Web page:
I am very pleased to announce that Llewellyn Worldwide has now published Beyond Faery, the companion to my book Faery which they released in April this year.
As its full title indicates, in Beyond Faery- Exploring the World of Mermaids, Kelpies, Goblins & Other Faery Beasts, we’ve gone beyond the conventional boundaries and perceptions of the faes- as winged, female beings- to explore a much wider and wilder world of supernatural creatures. Many of these are far more dangerous- but perhaps, as a result, rather more predictable- that the humanoid fairies about whom I normally write.
The faery beasts that are the subject of this book share a number of traits that differentiate them from the more familiar members of fairy-kind. Firstly, they are- without exception- of conventional, human-world size. There are continual debates about the size of the human-like faes (as you’ll read in several of posts), but there is never any dispute that mermaids are the same size as we are and that the other creatures that resemble the mammals of this world- the dogs, horses, bulls and so on- are all the same size as their domesticated equivalents- if not somewhat bigger.
Secondly, the faery beasts have next to no conception of working with human beings to either assist them or to improve the natural world. Whilst the ‘eco-fairy’ has gained some vogue in recent decades, the faery beasts are far less complex creatures- or, we might say, more single minded in their purpose. Very many of them have one of two intentions: to scare us and/ or to kill and eat us. Mermaids are a bit different from this: they can enter into relationships with humans and raise families, but there is seldom any suggestion of any wider co-operation with us. They live in their world, we live in ours; they are in different dimensions- and the merfolk like to keep it that way.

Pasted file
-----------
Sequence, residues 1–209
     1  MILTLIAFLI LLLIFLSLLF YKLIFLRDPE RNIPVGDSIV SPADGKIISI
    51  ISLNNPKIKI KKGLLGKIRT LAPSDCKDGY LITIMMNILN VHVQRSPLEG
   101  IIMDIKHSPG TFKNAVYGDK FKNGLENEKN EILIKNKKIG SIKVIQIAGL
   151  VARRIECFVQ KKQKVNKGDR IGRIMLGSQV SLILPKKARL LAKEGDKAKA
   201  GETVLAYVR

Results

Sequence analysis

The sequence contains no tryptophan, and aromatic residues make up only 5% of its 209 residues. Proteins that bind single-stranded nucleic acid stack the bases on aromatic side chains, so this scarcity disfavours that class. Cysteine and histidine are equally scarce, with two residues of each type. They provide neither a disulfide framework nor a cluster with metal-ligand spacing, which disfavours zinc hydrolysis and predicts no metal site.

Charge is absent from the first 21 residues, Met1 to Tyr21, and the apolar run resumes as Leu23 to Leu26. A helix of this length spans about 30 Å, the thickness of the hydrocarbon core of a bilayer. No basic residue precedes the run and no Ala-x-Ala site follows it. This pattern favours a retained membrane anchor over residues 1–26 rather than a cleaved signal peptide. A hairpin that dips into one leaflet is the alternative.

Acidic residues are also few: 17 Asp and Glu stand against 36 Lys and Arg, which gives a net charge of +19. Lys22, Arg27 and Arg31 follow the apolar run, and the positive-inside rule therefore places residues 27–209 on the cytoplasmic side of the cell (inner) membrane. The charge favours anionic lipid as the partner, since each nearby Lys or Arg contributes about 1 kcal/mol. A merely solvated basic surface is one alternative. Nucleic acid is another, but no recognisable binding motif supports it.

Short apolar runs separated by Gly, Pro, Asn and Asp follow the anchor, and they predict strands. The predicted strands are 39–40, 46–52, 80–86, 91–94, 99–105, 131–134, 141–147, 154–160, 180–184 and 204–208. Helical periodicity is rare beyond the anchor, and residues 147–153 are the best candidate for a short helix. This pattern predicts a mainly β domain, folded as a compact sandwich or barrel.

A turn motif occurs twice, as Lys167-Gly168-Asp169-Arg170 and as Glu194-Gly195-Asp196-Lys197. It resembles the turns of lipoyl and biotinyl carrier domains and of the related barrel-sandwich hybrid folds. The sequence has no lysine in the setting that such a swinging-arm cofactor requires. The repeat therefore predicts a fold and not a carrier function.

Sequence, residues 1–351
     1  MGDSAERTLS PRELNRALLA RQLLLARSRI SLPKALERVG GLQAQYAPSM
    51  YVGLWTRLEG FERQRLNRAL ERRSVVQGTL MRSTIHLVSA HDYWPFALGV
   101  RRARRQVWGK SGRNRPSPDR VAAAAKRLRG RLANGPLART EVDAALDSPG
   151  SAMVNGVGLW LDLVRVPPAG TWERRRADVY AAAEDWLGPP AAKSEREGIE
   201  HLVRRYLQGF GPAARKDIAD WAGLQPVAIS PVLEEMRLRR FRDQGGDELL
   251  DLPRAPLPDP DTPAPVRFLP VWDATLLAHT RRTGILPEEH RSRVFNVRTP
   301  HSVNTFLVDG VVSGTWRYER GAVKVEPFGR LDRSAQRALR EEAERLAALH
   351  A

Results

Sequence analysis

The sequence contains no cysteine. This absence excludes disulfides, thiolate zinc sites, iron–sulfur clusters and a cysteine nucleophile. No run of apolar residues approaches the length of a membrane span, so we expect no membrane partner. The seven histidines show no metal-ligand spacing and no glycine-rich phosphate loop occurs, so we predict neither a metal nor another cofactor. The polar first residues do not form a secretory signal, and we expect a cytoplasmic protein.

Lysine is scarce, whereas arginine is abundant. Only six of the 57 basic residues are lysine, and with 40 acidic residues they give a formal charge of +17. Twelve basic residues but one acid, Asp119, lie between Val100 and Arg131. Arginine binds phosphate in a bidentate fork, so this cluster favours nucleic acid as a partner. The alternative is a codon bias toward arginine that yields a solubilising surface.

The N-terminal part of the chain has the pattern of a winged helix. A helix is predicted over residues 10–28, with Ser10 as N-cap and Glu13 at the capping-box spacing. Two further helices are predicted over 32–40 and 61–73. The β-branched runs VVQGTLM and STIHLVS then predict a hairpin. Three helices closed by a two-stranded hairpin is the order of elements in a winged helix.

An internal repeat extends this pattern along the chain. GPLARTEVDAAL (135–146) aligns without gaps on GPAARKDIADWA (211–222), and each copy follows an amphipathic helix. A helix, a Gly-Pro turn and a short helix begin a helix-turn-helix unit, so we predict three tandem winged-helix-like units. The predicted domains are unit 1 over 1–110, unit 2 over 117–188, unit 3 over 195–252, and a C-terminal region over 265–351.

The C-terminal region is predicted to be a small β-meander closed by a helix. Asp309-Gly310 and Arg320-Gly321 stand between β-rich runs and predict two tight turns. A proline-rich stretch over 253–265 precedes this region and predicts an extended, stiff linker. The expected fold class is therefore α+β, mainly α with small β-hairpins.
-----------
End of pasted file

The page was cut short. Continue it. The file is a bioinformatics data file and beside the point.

These beasts are faery, then, in terms of their supernatural nature and their magical powers. They may look like the livestock or pets that we’re familiar with, but their behaviour is very different: their purpose and their powers are nothing like the ordinary dog’s or cow’s. In many ways, we might call them monsters.
The book’s chapters cover, firstly, the various water beasts: the mermaids, mere-maids (fresh water mermaids), river sprites, kelpies, water horses and water bulls and other less well-known creatures, such as the njugl and the shoopiltee. Then I turn to the land beasts, amongst whom I number the ‘hags,’ the banshees and similar; the hobs and goblins; the bogies, boggarts, brags and bugganes; the black daemon dogs; the fearsome faery beasts such as fae cats and bunnies and, lastly, the wills of the wisp.
I have already given readers a taste of what’s covered in the book in my recent postings, in which I’ve made use of material I’ve come across since the manuscript of Beyond Faery was finalised earlier this year. Those new examples supplement what you’ll find discussed in more detail in the chapters of the book. The text’s 270 pages long, including a glossary and a full bibliography.
I was a little surprised to note that Google has designated my book ‘controversial literature’- as, indeed, was the case for the previous book, Faery: A Guide to the Lore, Magic & World of the Good Folk, too. On consideration, I quite like the thought of having written two controversial books. I’ll leave it up to you to decide whether you think it’s as subversive as this might suggest!